Last Friday, the weather was so lovely that I decided to walk home from work. On my way, I stopped by a deli and bought a big bunch of beautiful peonies, my favorite flower. They’re only in season for six weeks and I basically hoard them during that time. So anyway, a few blocks from my apartment, a guy in his early-’20s sidled up next to me and asked, “Who bought you flowers?”
“I bought them for myself,” I replied. Oh lord, what’s this dude want?
“Awwww,” he said with pity in his voice. “That’s so sad. A guy should be buying you flowers. I would.”
This, friends, is classic negging. Buying yourself flowers is sad! Flowers are supposed to be bought for you! By a mannnn! I should be flattered that this guy, who just declared my flower-buying “sad,” would buy me flowers. Little old sad me. What-the-fuck-ever. I rolled my eyes, uttered an “mmkay,” and detoured down another street.
The truth is, while it’s of course nice to get a bouquet from a dude, flowers are actually on the short list of so-called “romantic gifts” that boyfriends sometimes give that I would actually rather buy for myself. Allow me to explain… Keep reading »
Romance is project management. All successful romantic gestures are the result of one person observing, plotting and executing a plan. Sometimes the plan is big and bold like a prison break. Sometimes it’s quick like a commando raid. I had a girlfriend once who forgave me my comic book addiction and remembered that I was a fan of the character “Wolverine.” She randomly saw a “Wolverine” action figure on sale one day and bought it. Before I came over that night, she told me she was hanging out with a friend she wanted me to meet. They had ordered my favorite pizza and to hurry up. Wolverine was waiting for me on the couch. Keep reading »
Romance is dead.
That’s the consensus you could draw from five minutes on the dating scene. Instead of butterflies, hormones seem to be driving our coupling up. That isn’t necessarily a bad thing if all you want is sexual gratification. I’m only human: there’s been times I’ve just needed a roll in the hay. But I’m also a woman who loves romance — traditional, old school, stars-in-my-eyes romance — and I speak from personal experience that it’s not easy to find.
Alas, both men and women have forgotten how to woo each other. I wholeheartedly agreed with the actress Emma Watson when she told Vogue recently, “I’m a feminist, but I think that romance has been taken away a bit for my generation.”
Yesterday Amelia published a post called “Dating Don’ts: These 7 Romantic Gestures Need To Go.” Here in The Frisky’s office, we spent all morning fighting about it. A few of my fellow Frisky ladies would run for the hills if a dude bought them chocolate, serenaded them with a song [No, only a song that he misinterpreted as romantic. -- Editor], or showered rose petals on their bed. But me? That sounds like my perfect guy.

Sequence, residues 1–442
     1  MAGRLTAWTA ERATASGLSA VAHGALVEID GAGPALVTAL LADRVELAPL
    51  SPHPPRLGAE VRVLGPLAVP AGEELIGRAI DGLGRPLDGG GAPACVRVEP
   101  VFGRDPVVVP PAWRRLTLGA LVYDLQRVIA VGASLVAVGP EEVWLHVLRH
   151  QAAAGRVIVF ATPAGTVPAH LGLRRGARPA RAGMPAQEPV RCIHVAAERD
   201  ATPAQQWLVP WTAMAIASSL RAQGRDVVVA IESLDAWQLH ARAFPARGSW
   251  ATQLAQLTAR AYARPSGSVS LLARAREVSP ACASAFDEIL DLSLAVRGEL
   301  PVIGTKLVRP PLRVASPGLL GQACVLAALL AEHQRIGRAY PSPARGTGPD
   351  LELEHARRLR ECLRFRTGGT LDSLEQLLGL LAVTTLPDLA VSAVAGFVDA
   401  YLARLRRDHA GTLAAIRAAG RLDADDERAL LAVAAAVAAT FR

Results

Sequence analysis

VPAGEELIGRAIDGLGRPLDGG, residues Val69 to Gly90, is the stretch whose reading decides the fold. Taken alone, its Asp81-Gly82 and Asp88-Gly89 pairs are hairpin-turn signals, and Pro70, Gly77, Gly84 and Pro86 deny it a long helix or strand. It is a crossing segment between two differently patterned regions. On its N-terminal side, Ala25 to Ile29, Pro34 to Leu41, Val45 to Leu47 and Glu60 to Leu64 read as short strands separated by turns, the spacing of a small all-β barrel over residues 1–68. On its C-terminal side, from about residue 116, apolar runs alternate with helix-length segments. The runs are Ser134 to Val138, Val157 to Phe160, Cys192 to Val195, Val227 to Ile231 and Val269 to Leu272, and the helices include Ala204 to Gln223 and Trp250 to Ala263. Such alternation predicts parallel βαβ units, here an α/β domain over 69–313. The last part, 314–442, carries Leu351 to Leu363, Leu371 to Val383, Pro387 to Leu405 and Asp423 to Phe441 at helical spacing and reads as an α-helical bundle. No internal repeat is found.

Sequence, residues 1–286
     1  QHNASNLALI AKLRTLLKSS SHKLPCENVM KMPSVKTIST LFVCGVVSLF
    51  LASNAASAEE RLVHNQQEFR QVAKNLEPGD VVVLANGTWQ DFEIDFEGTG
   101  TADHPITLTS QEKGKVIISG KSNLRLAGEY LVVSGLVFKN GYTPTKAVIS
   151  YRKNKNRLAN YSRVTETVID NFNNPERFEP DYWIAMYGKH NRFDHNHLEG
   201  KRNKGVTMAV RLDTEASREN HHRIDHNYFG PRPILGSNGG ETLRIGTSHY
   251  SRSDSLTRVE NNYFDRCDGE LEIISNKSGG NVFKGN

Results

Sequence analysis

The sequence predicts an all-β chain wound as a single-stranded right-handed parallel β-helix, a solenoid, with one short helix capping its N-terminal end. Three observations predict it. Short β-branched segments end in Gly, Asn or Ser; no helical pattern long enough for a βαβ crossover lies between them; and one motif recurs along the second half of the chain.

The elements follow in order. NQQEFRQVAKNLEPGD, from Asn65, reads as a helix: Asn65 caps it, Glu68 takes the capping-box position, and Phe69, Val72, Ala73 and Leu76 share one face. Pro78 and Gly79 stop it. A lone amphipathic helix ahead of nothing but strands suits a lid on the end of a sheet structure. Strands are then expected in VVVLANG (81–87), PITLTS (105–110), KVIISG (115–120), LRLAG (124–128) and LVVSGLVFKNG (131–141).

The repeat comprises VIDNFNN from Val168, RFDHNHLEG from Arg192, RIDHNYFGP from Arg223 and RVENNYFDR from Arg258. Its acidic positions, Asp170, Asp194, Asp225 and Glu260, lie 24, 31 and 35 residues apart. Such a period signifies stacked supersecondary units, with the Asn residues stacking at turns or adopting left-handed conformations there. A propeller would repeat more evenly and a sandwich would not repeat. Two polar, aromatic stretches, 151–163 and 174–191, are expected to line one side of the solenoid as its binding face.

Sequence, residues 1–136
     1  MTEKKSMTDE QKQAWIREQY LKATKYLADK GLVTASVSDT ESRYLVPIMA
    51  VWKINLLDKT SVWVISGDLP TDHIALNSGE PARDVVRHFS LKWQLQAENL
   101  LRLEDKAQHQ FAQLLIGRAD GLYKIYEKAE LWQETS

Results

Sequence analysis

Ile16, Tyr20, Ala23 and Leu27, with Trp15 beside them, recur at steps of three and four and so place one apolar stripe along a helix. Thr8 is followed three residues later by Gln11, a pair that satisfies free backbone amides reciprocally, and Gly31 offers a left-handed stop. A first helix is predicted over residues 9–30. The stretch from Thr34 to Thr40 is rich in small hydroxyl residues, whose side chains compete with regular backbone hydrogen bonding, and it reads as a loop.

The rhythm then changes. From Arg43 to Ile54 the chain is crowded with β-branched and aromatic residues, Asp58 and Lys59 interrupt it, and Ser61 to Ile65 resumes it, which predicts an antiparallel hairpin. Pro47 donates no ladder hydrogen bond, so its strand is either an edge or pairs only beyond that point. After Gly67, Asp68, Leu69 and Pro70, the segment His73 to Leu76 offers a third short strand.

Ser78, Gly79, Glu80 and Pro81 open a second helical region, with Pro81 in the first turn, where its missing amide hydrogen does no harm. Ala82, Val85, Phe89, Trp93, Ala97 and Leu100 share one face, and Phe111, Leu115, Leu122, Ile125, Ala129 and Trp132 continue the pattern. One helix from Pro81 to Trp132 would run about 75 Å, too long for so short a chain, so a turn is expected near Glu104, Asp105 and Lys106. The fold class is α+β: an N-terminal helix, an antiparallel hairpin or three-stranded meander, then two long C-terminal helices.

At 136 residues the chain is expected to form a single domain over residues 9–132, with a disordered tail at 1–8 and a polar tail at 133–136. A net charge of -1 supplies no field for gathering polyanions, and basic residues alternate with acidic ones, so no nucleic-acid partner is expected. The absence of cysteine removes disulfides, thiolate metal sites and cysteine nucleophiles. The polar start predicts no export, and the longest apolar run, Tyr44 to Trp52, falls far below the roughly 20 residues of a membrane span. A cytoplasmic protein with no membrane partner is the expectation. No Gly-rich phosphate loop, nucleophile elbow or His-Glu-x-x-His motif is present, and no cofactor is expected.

I respectfully disagree with you, Amelia, that romantic gestures can be cheesy or infantilizing. Romance is about stimulating the senses, creating an aura, and drawing someone in. Romance does not have to be dead, people! After the jump, five romantic gestures that need to stay. Keep reading »
The romantic gesture: a lovely thing or reserved for creepy stalkers? Blogger Joshua Lyon, writing for Thought Catalog, seems to feel that the romantic gesture is dying. He talks about being branded “scary intense” for writing a letter to a man he had a crush on and suggesting an old-fashioned correspondence. That seems rather sweet to me. Also, he mentions a time when a boyfriend pulled a “Say Anything” and played “In Your Eyes” on a boombox at his window, Lloyd Dobler-style. He found it to be “one of the bravest and most romantic things” anyone had ever done for him. I see what he’s getting at. The grand romantic gesture does deserve a rightful place in the world of wooing. But it can walk the fine line of “creepiness.” Romantic gestures only work when being done by the right person in the right way. For example, a guy I was dating once had a handwritten note couriered over to my office to ask me out on a date. Sweet! Another time, a man I had exchanged a smile with followed me home from the grocery store to leave a letter of admiration on my doorstep. Frightening! After the jump, the difference between sweet/romantic and creepy/romantic. [Thought Catalog] Keep reading »
Last week, I posted a poll about the romantic gestures that would actually make you swoon. While you voted in the thousands — with a surprise trip getting the most votes — I was struck by how many of you offered your own suggestions for romantic gestures in the comments. I noticed a few themes and compiled them into seven types of romantic gestures that make the biggest impression. Check ‘em out after the jump! (And please, continue to leave more swoon-worthy suggestions in the comments!) Keep reading »